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Young Genius Makes Breast Cancer Diagnosis Less Painful

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diagnosis of breast cancer is less painful thanks to a young genius Nelson Marques/PhotoSpin

The global statistics for breast cancer are staggering: 1 in 8 women worldwide will be diagnosed at some point during their lifetime.

As with all cancers, early detection is key.

Women who are diagnosed early have a 95 percent chance of living at least five years after diagnosis and it's estimated early breast cancer diagnosis could save 400,000 lives globally each year, according to the World Health Organization.

Fine needle aspiration (FNA) is currently the least invasive technique to biopsy breast lumps, or masses. During the procedure — about as painful as a blood test — a doctor retrieves enough cell tissue through a tiny needle for a microscopic analysis.

FNAs are less painful, less expensive to do, result in less complications for patients, and make results available more quickly than the current traditional core or open biopsies.

But here’s the problem. FNAs are currently less reliable in conclusively diagnosing breast cancer than more invasive and painful techniques.

As a result, many health organizations in the United Kingdom, the United States and Canada have now abandoned FNA for breast lesion diagnosis, although they are still used in nine countries worldwide.

What if there was a way to make these minimally invasive diagnostic tests more reliable? No doubt women everywhere would be cheering.

As it turns out, there is.

FNAs can be analyzed through computers equipped with artificial intelligence with a high degree of accuracy. Through the flexibility of cloud computing — a network of remote servers hosted on the Internet to store, manage, and process data — the ability for doctors globally to access the diagnostic tool using a tablet or smart phone now exists.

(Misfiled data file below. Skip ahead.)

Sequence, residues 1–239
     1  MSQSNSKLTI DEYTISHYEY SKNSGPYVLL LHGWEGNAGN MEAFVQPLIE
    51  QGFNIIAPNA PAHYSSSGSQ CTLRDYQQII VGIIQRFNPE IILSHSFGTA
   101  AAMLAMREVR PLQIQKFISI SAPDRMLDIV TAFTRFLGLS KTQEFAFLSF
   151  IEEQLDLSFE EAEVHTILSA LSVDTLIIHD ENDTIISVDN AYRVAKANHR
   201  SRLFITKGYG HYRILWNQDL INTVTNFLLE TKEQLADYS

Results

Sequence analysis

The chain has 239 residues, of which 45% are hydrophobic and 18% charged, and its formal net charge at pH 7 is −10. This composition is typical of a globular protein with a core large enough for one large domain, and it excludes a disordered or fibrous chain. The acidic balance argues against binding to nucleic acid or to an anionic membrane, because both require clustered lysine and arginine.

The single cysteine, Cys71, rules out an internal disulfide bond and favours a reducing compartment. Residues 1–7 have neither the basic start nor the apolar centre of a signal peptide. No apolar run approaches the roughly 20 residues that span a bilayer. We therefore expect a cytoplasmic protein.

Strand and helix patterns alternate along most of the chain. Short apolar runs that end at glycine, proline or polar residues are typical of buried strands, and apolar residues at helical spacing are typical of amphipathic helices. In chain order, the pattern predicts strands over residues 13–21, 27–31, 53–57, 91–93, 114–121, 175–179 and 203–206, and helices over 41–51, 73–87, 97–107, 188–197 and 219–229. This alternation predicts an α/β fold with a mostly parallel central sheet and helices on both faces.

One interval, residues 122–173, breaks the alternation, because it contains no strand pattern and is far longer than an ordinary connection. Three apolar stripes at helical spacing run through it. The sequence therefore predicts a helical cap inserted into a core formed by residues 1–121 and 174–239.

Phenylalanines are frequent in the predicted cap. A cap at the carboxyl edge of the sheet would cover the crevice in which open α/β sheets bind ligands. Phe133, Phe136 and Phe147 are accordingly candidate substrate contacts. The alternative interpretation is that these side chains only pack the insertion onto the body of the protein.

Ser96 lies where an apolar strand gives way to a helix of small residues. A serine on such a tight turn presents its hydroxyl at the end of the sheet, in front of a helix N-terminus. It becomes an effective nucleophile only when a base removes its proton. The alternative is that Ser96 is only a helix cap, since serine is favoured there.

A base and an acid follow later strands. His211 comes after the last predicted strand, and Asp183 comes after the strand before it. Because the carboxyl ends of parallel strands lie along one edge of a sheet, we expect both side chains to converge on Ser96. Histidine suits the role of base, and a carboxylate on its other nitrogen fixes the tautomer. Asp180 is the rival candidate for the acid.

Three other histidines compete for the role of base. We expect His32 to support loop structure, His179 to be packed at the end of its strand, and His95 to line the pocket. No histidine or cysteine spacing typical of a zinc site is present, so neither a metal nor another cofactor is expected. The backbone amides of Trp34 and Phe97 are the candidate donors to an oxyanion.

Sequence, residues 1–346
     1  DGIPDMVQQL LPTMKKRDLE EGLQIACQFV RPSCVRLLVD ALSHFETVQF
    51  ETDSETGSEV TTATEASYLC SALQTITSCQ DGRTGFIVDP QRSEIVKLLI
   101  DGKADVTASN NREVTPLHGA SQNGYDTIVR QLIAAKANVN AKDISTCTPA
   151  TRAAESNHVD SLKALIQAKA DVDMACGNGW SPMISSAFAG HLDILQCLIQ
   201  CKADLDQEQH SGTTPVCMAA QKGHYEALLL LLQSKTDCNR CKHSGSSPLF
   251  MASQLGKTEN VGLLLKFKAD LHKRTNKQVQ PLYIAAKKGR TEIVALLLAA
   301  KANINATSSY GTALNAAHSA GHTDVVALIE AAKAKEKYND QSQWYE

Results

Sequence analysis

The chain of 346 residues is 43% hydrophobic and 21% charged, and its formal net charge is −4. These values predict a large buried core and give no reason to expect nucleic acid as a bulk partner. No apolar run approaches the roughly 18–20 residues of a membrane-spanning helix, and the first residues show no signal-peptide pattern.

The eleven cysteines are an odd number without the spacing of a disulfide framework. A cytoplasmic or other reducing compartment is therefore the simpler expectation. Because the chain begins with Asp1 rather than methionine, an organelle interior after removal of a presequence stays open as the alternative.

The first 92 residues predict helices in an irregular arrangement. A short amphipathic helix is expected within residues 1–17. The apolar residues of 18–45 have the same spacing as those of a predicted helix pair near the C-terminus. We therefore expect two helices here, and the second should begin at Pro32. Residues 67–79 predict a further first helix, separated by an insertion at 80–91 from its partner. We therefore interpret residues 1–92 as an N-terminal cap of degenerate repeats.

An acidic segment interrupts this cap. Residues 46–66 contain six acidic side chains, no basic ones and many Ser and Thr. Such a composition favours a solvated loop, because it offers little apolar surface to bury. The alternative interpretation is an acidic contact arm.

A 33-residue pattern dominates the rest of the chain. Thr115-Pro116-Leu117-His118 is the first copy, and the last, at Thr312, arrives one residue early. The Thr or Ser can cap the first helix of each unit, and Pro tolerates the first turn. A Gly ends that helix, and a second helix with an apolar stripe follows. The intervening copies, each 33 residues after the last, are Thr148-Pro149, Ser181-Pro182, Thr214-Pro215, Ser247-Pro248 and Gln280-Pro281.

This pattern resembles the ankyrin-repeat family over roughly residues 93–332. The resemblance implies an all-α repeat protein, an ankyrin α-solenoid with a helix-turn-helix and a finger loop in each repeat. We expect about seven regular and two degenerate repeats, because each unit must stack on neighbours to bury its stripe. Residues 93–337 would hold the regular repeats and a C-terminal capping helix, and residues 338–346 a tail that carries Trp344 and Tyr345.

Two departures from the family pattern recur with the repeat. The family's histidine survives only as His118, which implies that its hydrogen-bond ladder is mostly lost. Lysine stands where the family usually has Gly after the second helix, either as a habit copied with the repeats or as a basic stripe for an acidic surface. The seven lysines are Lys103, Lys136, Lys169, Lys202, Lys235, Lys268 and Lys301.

Meet Brittany Wenger of Lakewood Ranch, FL, the creator of the Global Neural Network Cloud Service for Breast Cancer, the tool that is making it all possible.

Wenger’s Artificial Neural Network (ANN) replicates the human brain in software by modeling neurons and their interconnections. With ANN, patterns too complex for a human or program to even notice can correctly detect breast cancer lesions 99.1 percent of the time.

You might be surprised to learn that Wenger is just 17 years old.

This young genius is the 2012 Grand Prize winner in the Google Science Fair, a global competition for 13-to-18-year olds, sponsored by the computer company in partnership with CERN, Lego, National Geographic and Scientific American. This year’s competition was held in July 23 in Mountain View, CA.

Winners were picked from more than 5,000 entries from 100 countries and as you might guess, the 2012 competition was intense.

“The atmosphere at the competition was electric and absolutely contagious,” Wenger said, noting she made many friendships and “learned so much” from the other presenters.

“We all deserved to win,” she said.

Other winners included:

- a device that converts sound into tactile vibration for the hearing-impaired, designed by 14-year-old Jonah Kohn 14 of San Diego, CA